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OPINION6 June 2016

The power of the subconscious

Behavioural economics Opinion Public Sector UK

Implicit testing of political messages shows that what voters say is important, and how they actually vote, are often somewhat removed from each other. By Dr Andy Myers.

Hearing one of your carefully crafted key messages parroted back to you is music to the ears of anyone aiming to persuade. Be they a political PR strategist or a consumer brand marketer, receiving your messaging from the lips of your audience is surely cause for a pat on the back, the ultimate reassurance that the television adverts, speech-making, billboards and newspaper articles are all hitting the spot.  But this self-congratulation would, unfortunately, be based on too simplistic a belief that people mean everything that they say.

Neuroscience gives us the tools to probe deeper. Using an implicit testing technique, we tested reaction times in response to political messages around the Scottish referendum and found a disconnect between the explicit – what people were saying – and the implicit – how strongly they believed in what they were saying. People might indicate that they agreed with a statement (explicit), but a slow reaction time demonstrated that there was a less strong emotional conviction (implicit). 

More interesting still, we found a recurring theme in the messages that people claimed to agree with but were subconsciously less convinced by. 

During the Scottish referendum, some of the best known messaging of the ‘Yes’ campaign focused on the most abstract but emotive of political ideas: freedom.  Rhetoric revolved around being free of Westminster and placing the ability to make decisions about Scotland’s future firmly in the hands of the Scottish people. You didn’t need to spend long on social media in the run up to the referendum to see that this message was one often repeated by supporters of the campaign for independence, and it formed the cornerstone of much of the rhetoric used by ‘Yes’ politicians.

However, these messages about freedom and breaking with the status quo didn’t have as much traction as we might have expected in the tests we carried out. People agreed in principal, but subconsciously they were less convinced. That’s not to say they didn’t agree at all, but rather that implicit testing added vital nuance to the picture provided by explicit responses. 

By contrast, messages which focused on security – in many ways the polar opposite of freedom – resonated more powerfully. These included statements on how independence would mean a better future for Scottish children, a more stable economy, and better care for the elderly. What implicit testing reveals here is the subconscious mind, which is in many ways very predictable.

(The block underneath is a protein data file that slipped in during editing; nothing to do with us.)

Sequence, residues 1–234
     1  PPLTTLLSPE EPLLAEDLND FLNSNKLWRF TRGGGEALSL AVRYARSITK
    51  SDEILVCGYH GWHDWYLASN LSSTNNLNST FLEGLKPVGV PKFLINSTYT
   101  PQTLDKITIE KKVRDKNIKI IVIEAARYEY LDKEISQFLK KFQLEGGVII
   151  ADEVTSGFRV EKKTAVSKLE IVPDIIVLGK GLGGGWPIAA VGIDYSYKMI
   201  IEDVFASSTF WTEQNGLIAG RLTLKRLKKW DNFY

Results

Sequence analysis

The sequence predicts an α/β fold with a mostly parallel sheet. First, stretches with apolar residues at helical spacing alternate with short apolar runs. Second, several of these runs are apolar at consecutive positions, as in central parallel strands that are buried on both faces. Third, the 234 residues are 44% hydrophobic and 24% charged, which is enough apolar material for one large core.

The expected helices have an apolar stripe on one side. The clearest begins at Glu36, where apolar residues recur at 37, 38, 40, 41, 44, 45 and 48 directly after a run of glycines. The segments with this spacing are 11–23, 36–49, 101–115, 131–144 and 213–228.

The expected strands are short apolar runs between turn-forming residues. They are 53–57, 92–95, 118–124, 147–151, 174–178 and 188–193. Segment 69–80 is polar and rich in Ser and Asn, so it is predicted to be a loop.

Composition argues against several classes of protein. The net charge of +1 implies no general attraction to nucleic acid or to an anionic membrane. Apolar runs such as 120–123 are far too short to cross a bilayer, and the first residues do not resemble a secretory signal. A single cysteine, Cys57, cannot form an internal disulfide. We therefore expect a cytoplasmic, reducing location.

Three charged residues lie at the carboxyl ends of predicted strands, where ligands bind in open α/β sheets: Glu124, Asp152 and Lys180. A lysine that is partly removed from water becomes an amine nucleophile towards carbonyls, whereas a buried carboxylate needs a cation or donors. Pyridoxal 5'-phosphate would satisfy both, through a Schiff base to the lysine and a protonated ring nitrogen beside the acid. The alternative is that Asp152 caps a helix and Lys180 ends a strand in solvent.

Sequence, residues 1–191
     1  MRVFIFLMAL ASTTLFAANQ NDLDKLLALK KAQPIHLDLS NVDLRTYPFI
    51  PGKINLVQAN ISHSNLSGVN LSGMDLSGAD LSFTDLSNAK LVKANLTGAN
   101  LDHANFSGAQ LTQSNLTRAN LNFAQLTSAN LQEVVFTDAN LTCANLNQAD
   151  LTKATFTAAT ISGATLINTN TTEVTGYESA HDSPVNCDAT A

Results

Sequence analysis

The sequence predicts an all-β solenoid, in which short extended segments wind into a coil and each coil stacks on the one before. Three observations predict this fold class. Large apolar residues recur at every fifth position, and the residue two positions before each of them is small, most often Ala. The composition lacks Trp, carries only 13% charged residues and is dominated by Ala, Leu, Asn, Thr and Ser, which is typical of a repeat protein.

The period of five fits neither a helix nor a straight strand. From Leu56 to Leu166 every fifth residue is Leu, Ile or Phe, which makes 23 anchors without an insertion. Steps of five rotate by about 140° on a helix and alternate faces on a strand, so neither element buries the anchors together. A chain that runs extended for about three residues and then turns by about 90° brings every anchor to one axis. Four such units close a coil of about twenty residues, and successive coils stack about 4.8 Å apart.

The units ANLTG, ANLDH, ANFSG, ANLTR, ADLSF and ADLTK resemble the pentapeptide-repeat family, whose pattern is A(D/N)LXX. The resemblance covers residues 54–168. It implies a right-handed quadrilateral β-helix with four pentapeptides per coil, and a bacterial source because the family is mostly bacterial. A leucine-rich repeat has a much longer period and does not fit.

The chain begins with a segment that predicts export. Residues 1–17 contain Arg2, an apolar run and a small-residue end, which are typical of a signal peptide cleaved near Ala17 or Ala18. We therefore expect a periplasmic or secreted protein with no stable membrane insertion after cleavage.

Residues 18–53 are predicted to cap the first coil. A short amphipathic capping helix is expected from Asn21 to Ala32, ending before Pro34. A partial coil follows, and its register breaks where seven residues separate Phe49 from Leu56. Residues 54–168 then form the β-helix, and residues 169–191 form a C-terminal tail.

As humans we naturally react negatively to risk or uncertainty and gravitate towards security and predictability. In the example of the Scottish referendum, however much many Scots may have wanted to believe that independence and change was something to aspire to and get behind, their subconscious minds just were less convinced.

It could be that we see a similar pattern of thought and conviction developing around the upcoming EU referendum: similar issues of power and freedom are at play within debates on Brexit, and it would be reasonable to think that voters may once again be attracted to messages of security and stability and not so convinced by promises of freedom. Equally, the differing dynamics mean this pattern may not prevail within the context of Britain’s relationship with the EU.

So why does this matter? It matters because a huge proportion of our decision making is subconscious. At that crucial moment, with the pencil hovering between two boxes on the ballot paper, our deepest fears and insecurities rise to the surface.  It’s why voting against the status quo is almost always the hardest sell, and messages we didn’t truly believe but parroted back because we wanted to believe them ultimately don’t count for much.

There is a lesson here not only for politicians, but for brands and marketers as well.  The voters politicians need to persuade are also the consumers brands need to reach. Examining what people say about you isn’t enough – dig a little deeper and you may find they didn’t mean it after all.

Dr Andy Myers is research director at consumer neuroscience consultancy Walnut Unlimited

2 Comments

3 years ago

My team's started testing implicit biases using a new facial-coding platform (www.sticky.ad) -- Works great!

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3 years ago

Very interesting read. However, without describing the implicit test, it is hard to judge what exactly the reaction times could have meant. We (www.neuro-flash.com) also find a disconnect in peoples explicitly expressed opinions (e.g. towards refugees) and their actual reaction time on associating the word "terrorist" with the word "refugee". This can be measured with an Implicit association Test (AIT) or semantic priming paradigm. Thus I wonder how exactly you measured it. All the best, JM

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